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Will there be a further push to force goalkeepers kick the ball out past the 45-metre line?

It’s been speculated that last Saturday’s change to the kick-out rule is only the start.

FOLLOWING THE RULING at Saturday’s Special Congress, which made it compulsory for kick-outs in Gaelic football to pass the 20-metre line, it’s been suggested that a move to force the ball cross the 45-metre line is imminent.

Stephen Cluxton Source: Cathal Noonan/INPHO

Motion 21, which also obliges that kick-outs must travel 13 metres, breezed through Congress with 82% of the 142 votes.

Some pundits believe the ruling should extend the restriction to the 45-metre line to cut out short-kickouts entirely, as is currently the case in International Rules.

But Jarlath Burns, chairman of the GAA’s Standing Playing Rules committee that recommended motion 21, foresees no further change to the rule.

“If you think about it, there would be no incentive then for the forward facing the goal to stay in his position,” Burns said.

“You have to be very careful that you don’t turn the game into something that is contrived or you don’t end up with unintended consequences.

“It would change the shape of the game and that’s something that we did look at. It maybe something that could be trialled at a later stage but it’s not something that we have planned. We just thought it was a bridge too far.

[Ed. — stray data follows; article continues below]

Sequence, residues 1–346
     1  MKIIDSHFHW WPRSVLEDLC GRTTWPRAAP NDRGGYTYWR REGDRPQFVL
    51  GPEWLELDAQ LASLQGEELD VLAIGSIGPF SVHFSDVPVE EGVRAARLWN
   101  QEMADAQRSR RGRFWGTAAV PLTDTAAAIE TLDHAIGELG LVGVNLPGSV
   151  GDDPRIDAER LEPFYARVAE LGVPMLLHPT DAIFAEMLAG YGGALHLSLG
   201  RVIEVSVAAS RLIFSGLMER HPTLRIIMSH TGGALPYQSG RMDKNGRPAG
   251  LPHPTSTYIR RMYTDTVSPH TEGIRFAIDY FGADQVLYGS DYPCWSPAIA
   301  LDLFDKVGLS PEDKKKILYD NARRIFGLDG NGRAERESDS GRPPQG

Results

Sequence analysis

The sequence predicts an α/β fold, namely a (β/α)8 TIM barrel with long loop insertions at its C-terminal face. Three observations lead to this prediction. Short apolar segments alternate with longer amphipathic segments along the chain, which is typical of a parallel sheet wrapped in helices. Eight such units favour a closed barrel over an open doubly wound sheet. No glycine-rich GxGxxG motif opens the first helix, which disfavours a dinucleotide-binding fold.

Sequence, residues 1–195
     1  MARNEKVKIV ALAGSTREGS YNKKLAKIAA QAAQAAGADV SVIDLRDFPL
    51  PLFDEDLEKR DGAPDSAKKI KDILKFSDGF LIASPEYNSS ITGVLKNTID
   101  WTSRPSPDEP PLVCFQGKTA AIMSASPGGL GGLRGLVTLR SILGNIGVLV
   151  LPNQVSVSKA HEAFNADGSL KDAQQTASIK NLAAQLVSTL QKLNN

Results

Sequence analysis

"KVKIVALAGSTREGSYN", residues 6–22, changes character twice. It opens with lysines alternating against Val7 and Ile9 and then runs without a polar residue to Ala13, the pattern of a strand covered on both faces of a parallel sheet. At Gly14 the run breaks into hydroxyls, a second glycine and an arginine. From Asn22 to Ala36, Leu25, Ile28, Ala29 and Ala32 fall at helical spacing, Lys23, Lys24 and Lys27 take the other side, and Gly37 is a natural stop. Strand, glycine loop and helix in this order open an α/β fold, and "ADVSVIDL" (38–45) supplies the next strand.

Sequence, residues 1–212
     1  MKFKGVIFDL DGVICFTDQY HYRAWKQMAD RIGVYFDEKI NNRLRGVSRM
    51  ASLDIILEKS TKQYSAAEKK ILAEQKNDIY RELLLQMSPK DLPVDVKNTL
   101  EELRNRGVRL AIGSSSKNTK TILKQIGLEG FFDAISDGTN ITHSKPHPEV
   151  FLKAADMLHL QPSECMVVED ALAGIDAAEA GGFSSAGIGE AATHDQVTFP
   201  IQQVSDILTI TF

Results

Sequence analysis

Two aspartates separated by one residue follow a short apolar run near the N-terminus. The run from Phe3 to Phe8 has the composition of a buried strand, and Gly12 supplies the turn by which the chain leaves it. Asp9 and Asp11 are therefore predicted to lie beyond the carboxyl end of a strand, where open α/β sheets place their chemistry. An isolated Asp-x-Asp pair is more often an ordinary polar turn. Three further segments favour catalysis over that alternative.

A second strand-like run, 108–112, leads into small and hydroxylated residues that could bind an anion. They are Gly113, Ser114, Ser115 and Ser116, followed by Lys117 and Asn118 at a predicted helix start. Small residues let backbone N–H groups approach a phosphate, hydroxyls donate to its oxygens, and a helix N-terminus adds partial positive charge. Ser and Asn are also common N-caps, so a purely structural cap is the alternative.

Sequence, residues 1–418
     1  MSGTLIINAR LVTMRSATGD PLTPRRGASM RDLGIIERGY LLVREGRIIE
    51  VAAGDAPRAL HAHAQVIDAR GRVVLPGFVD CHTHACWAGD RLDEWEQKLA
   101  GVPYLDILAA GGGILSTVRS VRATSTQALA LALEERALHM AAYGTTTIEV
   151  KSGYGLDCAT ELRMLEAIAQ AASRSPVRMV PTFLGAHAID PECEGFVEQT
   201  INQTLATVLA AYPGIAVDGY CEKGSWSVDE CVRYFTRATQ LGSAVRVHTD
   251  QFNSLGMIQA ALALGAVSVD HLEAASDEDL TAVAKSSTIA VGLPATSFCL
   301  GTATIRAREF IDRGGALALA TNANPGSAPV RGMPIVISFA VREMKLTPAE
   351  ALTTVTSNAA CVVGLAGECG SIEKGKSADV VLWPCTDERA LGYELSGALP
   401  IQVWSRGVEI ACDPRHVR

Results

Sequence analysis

“If a forward is facing the goal and he knows that the ball has to cross the 45, there’s no incentive for him to be in that area so what they would do is maybe four out of the six would hang around the middle of the field and it would make it even more congested.”

Jarlath Burns Jarlath Burns, chairman of the GAA's Standing Playing Rules committee Source: James Crombie/INPHO

Dublin delegate Mick Seavers was vocal in his opposition to the motion at Special Congress, suggesting it will “punish those who want to play ball” and those who have been innovative.

Burns said: “I understand what Michael Seavers was saying, that you are limiting the space that a goalkeeper has to kick the ball out but, again, what we have found is, if you are reasonable as opposed to radical you will get things through Congress.”

The former Armagh midfielder also said the committee have no plans to adjust the black card rule in the wake of the All-Ireland football final where several high-profile cases of cynicism took place.

“People have come up to us and you can’t really knee-jerk on the basis of cynicism in the last five or 10 minutes of the All-Ireland final. I don’t think that’s something that our committee is going to change, perhaps the next one but I definitely think that there has been a fair change in the game and the attitude towards the game.

“People lambaste the black card and I think the black card, while it’s not nice when somebody gets a black card and you don’t want to see anybody going off on a black card, particularly in the later stages of the championship, is a temperament sanction and it deals with the actual player himself having to prepare his temperament to make sure he doesn’t carry out any of the infractions that we see.

“I remember reading a book featuring (former GAA president) Joe McDonagh speaking in it. It was 1997 that the book came out. I took a photo of his comment and he said there was too much pulling and dragging in the game, too many stoppages and we needed to deal with it.

“I think that, by and large, we are dealing with it. It is going to be hard to eradicate in a game where aggression is such a part of it. It’s going to be very, very hard to eradicate it fully but I think the game is better as a result of changes that have been brought in.”

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Kevin O'Brien

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